|j. The Yellow Wall (Airy Aria) - The Seasons (The Spring)
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Locate the short, clean wall in an alcove to the right of the The Yellow Wall. The Sting climbs up a series of horizontals (what else?) in the middle of the wall.
The start holds a V3-ish boulder problem that is slightly spicy considering the lack of gear and the menacing boulder just to your left. Great gear can be found at the first horizontal. The good holds continue to the final boulder problem before the anchors. I was told that the beta is a full-on double dyno to the ledge, but I have reason to believe that this person hosed me on the beta, thus making me fall and laughing at me. A small crimp offers a static alternative to the ill-advised dyno.
After the bouldery start, The Sting is a well-protected, pumpy route that climbs more like a sport route given its big moves and relatively steep angle.
There is a nest of questionable fixed tat directly above the route; it is possible to climb Lisa to access it.
Cams up to 3+ inches.
|By Tim Schafstall|
From: Newark, DE
Apr 24, 2008
rating: 5.11d 7a 24 VIII E5 6a
Date for that first ascent is 1983. As one might guess from the description, this climb is harder for the vertically challenged. Most folks TR it after leading Lisa.
From: Denver, CO
Apr 23, 2009
In fact the first move is perfectly protectable with ballnutz #2 or #3 and blue and green BD C3.
|By Rui Ferreira|
From: St Ismier (Grenoble), France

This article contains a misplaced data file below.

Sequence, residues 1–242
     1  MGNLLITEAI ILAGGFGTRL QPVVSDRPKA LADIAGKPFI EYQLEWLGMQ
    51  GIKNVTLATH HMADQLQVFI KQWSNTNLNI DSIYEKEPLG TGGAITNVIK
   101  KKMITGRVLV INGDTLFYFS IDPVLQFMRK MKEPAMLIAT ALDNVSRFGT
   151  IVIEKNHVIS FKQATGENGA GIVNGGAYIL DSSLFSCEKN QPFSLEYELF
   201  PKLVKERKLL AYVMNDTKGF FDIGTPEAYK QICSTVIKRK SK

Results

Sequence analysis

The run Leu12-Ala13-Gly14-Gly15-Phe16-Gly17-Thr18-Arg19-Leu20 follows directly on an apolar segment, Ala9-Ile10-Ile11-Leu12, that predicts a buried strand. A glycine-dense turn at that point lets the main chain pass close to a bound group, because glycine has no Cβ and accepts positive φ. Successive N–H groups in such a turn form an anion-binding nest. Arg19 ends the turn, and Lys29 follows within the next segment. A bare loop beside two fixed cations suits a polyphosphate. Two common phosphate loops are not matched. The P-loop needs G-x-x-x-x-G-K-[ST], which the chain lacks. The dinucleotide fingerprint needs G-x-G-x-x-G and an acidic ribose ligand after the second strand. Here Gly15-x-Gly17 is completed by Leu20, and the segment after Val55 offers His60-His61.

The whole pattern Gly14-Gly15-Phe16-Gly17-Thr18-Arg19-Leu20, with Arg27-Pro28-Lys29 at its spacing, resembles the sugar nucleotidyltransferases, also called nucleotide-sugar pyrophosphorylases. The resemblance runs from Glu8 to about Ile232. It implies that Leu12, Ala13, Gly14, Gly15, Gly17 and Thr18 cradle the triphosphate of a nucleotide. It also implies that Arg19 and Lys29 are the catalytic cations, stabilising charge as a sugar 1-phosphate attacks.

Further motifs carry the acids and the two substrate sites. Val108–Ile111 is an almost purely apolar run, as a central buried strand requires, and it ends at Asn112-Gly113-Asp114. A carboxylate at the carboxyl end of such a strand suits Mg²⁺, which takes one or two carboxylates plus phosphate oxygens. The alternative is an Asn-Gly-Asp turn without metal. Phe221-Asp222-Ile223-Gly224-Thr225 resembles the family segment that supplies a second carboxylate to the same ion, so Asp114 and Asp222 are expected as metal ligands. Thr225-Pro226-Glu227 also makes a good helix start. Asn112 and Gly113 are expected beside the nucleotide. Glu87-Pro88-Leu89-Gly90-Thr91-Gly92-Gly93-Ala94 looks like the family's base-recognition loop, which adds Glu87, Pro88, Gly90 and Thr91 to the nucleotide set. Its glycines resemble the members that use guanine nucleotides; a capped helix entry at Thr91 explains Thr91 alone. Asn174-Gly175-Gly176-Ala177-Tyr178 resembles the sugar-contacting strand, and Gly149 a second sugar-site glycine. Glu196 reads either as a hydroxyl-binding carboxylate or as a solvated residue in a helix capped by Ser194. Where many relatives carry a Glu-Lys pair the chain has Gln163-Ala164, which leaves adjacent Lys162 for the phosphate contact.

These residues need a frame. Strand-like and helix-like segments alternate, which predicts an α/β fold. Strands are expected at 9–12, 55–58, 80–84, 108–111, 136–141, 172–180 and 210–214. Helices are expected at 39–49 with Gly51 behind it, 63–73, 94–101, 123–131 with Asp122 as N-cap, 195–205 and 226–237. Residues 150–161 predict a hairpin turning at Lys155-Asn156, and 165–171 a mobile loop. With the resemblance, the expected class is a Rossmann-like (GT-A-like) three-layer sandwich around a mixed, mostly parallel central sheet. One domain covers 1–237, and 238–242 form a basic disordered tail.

Jun 28, 2010
rating: 5.11d 7a 24 VIII E5 6a
The initial climbing off the ground can be done statically to the left of the dyno variation. I remember placing a bomber nut on the initial seam (where climber has hands in beta photo). In all the pitch only took six pieces (I placed two cams on the horizontal before the exit crux - static version, using crimp up and left) and felt well protected all the way. The standard beta for the crux is to indeed throw for the final horizontal, but I have seem better success with the static variation.
|By Ian A. Wauchope|
From: Kittery, ME
May 5, 2011
The dyno to finish is good beta. I tried with the small crimps and it felt way harder. With a dyno you are going from jug ledge to jug ledge, but it does seem improbable as you hang below it. Great .75 placement at the move.
Oct 5, 2011
All-points-off dyno finish is definitely exciting, you can stitch up the gear as much as you want before making the move to the top.
Awesome route, great moves.
|By Dale Storti|
Aug 27, 2012
My first pieces were red C3 in opposition with the small purple BD nut. I protected the move shown in my picture with a green C3 slotted in where my left hand is. I used a dyno to finish.
|By Will Stat|
Nov 8, 2012
rating: 5.12a 7a+ 25 VIII+ E5 6a
I wouldn't recommend placing gear for the first dyno, it's much nicer to land on a crash pad from 8 feet up than try to catch a lead fall there.
|By David Stowe|
Nov 10, 2012
Bad advice about not placing gear at the start unless you are sure that you will hit that move. Blue alien is bomber and I have seen it catch more than one person there. With that good gear you will not deck unless you have a really bad belay.
|By Alex Shainman|
From: the best place right now!
Sep 30, 2013
Wow what a bitchin' line, even though it's short and doesn't go through a roof! Powerful and bold but it's actually all there: 3 horizontals where 2 cams will fit in each (2x #3 Camalot and/or a #4 C4, Red+Yellow Aliens, #1+#.75 Camalots). At many newer sport areas this would be 12a or b, and have 4 or 5 bolts. I 2nd or 3rd not putting any gear in the start and just bouldering it out, I think it's safer. Using the crimp on the last move is definitely the way to go for me at least. I thought that middle move was the hardest. How did the FA protect the middle?
I think the anchor is a heaping mess and even though it's a crack, come'on put a couple bolts in there! Sure there are like 5 nuts in there but 2 were loose when I got there.